With the satellite radio, you can simply glance at its display and most of the time it will be telling you details about the song and the performers.  Instant answer!

Stock Quotes and Game Scores

XM can also stream selected stock quotes and/or game scores along the bottom of the display.

Pause or Play Tracks Again

Another clever option is the ability for some receiver models to save a program for you to play back later, similar to how Tivo works with television.  You can in effect 'pause' the music and then start it again later.  You can also jump back to earlier songs to replay them if you wish.

Note that different model radios offer different amounts of memory for this feature, and most radios don't yet have this option at all.

Traffic and Weather

Both services offer local traffic coverage in major metro areas around the US.  XM has dedicated channels, one per area served, but Sirius shares some channels between two cities, meaning half the time you're waiting and listening to irrelevant information before your city's turn comes around.

Both services also provide local weather reports and forecasts, generally for the same areas they offer traffic reports.

Favorite Song Alerts

In many cases, you can program your receiver so it will be continually scanning all channels for up to (about) twenty of your favorite artists and songs.  If it detects one being played on any channel, it will alert you, giving you the option to jump over to the other channel to listen to the song/artist.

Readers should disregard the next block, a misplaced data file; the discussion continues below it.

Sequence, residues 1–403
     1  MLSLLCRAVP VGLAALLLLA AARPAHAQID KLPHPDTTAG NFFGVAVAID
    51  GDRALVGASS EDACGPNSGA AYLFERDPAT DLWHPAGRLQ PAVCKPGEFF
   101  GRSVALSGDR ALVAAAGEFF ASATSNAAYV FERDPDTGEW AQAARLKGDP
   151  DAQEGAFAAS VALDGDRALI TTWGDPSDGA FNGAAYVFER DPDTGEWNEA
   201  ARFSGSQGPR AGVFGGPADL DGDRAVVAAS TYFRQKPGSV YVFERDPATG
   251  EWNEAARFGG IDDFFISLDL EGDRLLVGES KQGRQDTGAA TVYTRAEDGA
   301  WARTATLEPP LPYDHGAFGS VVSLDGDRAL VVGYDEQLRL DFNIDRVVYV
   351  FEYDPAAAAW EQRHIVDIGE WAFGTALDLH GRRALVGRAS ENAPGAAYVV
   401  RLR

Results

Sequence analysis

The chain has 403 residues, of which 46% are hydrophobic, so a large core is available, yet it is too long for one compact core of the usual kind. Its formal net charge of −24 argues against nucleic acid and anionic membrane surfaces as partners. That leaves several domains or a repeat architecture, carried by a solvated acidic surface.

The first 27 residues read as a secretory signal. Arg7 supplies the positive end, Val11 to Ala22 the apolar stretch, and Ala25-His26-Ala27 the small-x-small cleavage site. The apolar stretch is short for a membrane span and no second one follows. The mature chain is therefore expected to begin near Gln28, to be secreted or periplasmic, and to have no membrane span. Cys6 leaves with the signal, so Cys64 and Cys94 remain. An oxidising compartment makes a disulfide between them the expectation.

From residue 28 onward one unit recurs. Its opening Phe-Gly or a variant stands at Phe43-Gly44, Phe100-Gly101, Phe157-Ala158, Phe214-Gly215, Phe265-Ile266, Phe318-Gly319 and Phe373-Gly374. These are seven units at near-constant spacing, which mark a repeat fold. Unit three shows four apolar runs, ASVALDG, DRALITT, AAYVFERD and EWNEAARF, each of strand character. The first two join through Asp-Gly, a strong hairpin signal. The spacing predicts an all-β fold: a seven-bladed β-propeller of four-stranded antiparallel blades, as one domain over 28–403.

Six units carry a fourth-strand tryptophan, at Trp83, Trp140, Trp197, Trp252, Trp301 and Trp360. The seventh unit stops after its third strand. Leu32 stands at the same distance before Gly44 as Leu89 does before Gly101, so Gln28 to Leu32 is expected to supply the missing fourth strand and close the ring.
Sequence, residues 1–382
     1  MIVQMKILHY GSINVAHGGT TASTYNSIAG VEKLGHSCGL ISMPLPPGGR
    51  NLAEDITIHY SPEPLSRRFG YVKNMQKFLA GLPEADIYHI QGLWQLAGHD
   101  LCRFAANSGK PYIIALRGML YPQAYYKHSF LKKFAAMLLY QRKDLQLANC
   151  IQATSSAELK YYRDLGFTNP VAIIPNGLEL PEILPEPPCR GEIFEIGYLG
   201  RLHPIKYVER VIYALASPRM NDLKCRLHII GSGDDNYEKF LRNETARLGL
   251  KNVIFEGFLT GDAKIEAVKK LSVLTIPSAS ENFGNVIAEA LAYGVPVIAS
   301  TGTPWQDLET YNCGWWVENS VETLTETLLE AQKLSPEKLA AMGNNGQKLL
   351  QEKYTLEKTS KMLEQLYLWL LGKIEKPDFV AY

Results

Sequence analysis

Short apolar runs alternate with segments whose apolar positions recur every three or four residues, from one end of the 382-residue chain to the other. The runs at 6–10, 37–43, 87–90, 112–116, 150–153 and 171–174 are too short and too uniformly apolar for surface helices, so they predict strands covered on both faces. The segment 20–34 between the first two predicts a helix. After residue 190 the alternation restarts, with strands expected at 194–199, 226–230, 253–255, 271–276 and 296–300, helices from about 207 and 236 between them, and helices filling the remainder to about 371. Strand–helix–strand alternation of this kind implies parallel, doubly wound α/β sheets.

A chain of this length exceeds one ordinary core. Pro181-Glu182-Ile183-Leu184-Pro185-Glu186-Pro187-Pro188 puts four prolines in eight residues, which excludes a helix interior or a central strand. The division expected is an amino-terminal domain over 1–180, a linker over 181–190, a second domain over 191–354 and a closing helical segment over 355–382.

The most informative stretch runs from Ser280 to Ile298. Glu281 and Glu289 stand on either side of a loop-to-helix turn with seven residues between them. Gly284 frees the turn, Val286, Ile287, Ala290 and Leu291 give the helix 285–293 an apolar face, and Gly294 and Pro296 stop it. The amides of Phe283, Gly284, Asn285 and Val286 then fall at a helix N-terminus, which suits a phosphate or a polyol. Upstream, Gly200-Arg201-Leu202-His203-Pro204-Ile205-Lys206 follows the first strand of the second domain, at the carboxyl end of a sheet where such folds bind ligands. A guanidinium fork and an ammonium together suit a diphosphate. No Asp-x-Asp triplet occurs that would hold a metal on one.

In reality this is a feature that few people will bother to use, but some people might find it useful.

Fewer DJs

The good news is that most of the music channels are free of commercials.  But these channels are often free of announcers, too, and may have nothing more than nonstop music tracks, with an occasional channel identification spot stuck in between a couple of tracks.

Some people (myself included) enjoy listening to a good dj or announcer who can add interesting commentary to the music he is playing, whereas others just want the music and nothing interfering with it.

Because the receivers will typically show details of each track as it plays the music, you can still find out what you're listening to, simply by looking at the display (not always a wise thing to do while driving, of course!).

Satellite radio via internet too

Once you've signed up for service with either of the two providers, you can access most of their programming through their internet site as well as via your radio.

This means if you're at your computer (and with a faster than dialup connection) you can have satellite radio service streaming through your internet line and out your computer speakers just as conveniently as via your satellite receiver.

This is particularly helpful if you can't otherwise get good satellite signal inside your home or office.

Signal Availability and Quality

The good news?  Satellite radio signals can be received over just about the entire continental US, with some signal spillage up into Canada, down into Mexico, and off-shore a distance as well.

The bad news?  Unlike regular radio signals, satellite radio signals don't penetrate through things very well.  Your antenna needs to have close to an unobstructed line of sight to where the satellite is in the sky - generally to the south, and more so the further north you go; and also to the east if you're in the west of the country or to the east if you're in the west of the country.